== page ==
Brain and Nervous System

Living Well With Parkinson's Disease

Many people associate Parkinson's with the legendary Muhammad Ali or with Michael J. Fox, but you don't have to be an athlete to get this disease. In fact, it's relatively common: Nearly 50,000 Americans will be diagnosed with Parkinson's disease (PD) this year, according to the National Institutes of Health. But what exactly is PD, and what do you (and your caregivers) need to know about living with this condition? While some aspects are still unknown, there is a fair amount of established research that points to tactics for living well with PD.

We talked to Darolyn O'Donnell, MS, CTRS, the recreation therapy coordinator at the Barrow Neurological Institute's Muhammad Ali Parkinson Center, for further insight.

What Is Parkinson's Disease?

The shaky hands associated with PD were first described by Dr. James Parkinson in 1817. Over the years, research has identified PD as a movement disorder caused by the loss of certain cells in the brain. These brain cells produce dopamine, a chemical -- called a neurotransmitter -- that helps nerve cells tell muscles when to move. Without the dopamine, the classic symptoms of Parkinson's begin to appear, mainly tremor, muscle stiffness, slower movements, and balance problems. There are also non-motor symptoms, such as cognitive changes, anxiety, depression, and problems with sleep that can occur.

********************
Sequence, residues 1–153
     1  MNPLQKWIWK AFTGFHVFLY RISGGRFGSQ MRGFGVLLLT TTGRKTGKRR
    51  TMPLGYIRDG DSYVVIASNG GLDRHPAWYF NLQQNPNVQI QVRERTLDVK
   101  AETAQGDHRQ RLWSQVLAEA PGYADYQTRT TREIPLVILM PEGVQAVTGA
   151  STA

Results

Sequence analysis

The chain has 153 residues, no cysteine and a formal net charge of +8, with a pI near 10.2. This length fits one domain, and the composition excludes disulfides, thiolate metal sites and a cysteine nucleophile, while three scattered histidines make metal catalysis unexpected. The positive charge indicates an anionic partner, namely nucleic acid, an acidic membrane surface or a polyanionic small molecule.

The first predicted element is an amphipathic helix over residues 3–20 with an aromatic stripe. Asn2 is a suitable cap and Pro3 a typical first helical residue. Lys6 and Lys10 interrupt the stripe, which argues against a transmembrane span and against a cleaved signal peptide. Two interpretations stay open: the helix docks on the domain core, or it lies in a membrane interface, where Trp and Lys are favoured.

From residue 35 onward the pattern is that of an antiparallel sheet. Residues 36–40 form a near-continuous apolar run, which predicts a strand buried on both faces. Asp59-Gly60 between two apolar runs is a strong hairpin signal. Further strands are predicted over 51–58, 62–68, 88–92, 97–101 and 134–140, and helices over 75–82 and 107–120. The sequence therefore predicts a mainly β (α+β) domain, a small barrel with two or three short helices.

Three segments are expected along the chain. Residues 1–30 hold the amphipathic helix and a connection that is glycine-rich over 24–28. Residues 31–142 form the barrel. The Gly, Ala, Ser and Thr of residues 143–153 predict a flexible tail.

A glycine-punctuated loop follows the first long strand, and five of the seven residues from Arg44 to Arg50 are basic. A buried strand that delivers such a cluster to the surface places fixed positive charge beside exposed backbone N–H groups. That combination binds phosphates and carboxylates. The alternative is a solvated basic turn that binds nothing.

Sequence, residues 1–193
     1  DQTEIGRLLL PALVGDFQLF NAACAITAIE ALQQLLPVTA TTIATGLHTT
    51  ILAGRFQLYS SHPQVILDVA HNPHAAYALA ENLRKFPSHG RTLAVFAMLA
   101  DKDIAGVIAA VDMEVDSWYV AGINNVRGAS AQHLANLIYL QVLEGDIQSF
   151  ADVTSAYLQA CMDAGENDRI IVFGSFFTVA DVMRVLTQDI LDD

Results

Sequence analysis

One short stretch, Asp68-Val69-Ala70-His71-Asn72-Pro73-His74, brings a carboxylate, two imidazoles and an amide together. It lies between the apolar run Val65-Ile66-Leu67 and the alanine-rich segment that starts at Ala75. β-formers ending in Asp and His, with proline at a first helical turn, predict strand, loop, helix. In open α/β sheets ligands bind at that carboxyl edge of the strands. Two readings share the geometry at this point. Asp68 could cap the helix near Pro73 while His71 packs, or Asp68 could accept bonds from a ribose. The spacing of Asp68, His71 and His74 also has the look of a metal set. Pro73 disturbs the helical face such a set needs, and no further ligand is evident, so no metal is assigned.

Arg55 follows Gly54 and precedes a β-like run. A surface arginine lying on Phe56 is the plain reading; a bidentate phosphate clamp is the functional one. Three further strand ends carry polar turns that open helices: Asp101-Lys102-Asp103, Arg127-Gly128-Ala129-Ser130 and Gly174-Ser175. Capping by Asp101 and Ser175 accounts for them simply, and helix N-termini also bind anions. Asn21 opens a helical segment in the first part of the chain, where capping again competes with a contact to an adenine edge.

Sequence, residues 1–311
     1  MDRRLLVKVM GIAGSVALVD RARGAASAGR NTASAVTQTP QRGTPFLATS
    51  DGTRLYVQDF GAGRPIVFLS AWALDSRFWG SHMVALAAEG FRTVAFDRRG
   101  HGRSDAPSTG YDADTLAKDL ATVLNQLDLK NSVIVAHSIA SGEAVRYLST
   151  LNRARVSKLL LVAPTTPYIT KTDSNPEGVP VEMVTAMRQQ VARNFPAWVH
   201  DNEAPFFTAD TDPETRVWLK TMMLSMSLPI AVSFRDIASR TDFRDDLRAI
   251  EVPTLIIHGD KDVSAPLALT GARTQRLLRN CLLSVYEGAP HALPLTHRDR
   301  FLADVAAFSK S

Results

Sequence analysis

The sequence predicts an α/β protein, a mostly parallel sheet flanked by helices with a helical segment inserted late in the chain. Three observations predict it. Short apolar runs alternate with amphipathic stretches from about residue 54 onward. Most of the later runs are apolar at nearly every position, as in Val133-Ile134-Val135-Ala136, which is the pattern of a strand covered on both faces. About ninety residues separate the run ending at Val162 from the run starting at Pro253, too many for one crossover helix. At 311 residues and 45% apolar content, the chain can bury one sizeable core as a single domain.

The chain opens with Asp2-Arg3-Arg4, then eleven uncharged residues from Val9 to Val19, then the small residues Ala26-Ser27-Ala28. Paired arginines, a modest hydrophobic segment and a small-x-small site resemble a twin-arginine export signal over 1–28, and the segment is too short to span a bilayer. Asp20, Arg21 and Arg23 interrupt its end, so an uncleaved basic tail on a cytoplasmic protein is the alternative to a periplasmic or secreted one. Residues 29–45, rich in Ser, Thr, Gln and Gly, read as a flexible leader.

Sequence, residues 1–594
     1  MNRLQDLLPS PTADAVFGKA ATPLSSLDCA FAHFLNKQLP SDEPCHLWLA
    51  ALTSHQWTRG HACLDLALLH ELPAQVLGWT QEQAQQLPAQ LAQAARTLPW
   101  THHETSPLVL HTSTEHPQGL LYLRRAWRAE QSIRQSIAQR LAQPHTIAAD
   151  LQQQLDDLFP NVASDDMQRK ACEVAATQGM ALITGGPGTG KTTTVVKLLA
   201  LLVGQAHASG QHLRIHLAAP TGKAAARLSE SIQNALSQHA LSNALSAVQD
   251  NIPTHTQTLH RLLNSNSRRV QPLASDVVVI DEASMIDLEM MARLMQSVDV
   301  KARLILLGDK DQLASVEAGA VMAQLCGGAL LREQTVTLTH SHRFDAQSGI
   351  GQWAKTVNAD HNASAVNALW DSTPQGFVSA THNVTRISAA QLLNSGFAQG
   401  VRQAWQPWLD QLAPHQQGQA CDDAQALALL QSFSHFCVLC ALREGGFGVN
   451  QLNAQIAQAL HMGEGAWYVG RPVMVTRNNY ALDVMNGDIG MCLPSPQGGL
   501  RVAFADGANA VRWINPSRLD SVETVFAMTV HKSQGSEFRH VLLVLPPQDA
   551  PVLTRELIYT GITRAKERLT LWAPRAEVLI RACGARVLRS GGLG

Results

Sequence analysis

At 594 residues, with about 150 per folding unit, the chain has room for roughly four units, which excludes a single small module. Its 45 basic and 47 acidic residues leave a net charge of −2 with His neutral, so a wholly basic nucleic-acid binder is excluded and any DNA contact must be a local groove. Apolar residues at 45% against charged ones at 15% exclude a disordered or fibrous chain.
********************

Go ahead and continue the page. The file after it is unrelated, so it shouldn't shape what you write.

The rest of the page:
PD Causes and Risk Factors

At this time, researchers do not know exactly what causes the disease. According to experts at the Barrow Neurological Institute's Muhammad Ali Parkinson Center, PD may be caused by a combination of genetics and exposure to environmental toxins such as pesticides. Genetics and heredity can play a role in a very small percentage of cases.

When it comes to risk factors, one in particular stands out: "The No. 1 risk factor for PD is aging, so the chances of being diagnosed with it increase as we grow older," O'Donnell said. PD occurs most frequently in people over the age of 60, with men slightly more frequently than women. Approximately 10 to 20 percent of Parkinson's patients are diagnosed under the age of 50.

There appears to be an association between repeated exposure to toxins, such as Agent Orange, and the development of PD. "What makes this so difficult is, if I were to ask you which toxins you've been exposed to in the past year, that would be impossible to answer -- let alone which toxins over the past several decades that you've been exposed to," explains O'Donnell.

At this time, there are no known risk factors for Parkinson's that you can control.

Expectations and Outcomes

PD remains an incurable condition, but it can be treated with medications and advanced medical procedures. Medication therapy targets the specific symptoms giving you trouble. For instance, some medications work to ease muscle stiffness, while others address tremor.

In advanced cases of PD, doctors will consider performing a procedure called deep brain stimulation (DBS). DBS involves implanting a device in your brain that helps regulate movement. This device has been compared to a heart pacemaker, only for the brain. "DBS is a very effective treatment for people who are the right candidates," O'Donnell said.